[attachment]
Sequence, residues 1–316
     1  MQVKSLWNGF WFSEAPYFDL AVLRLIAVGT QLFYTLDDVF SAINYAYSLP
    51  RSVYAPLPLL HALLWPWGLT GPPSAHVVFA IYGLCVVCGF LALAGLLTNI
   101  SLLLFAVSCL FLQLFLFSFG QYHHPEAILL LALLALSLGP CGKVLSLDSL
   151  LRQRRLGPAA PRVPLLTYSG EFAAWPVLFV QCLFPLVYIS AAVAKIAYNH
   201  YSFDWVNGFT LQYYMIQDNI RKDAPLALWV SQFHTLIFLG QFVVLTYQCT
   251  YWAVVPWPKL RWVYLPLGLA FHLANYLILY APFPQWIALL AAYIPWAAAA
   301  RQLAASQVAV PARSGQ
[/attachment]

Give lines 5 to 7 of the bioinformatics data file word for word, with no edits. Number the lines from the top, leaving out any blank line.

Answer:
   151  LRQRRLGPAA PRVPLLTYSG EFAAWPVLFV QCLFPLVYIS AAVAKIAYNH
   201  YSFDWVNGFT LQYYMIQDNI RKDAPLALWV SQFHTLIFLG QFVVLTYQCT
   251  YWAVVPWPKL RWVYLPLGLA FHLANYLILY APFPQWIALL AAYIPWAAAA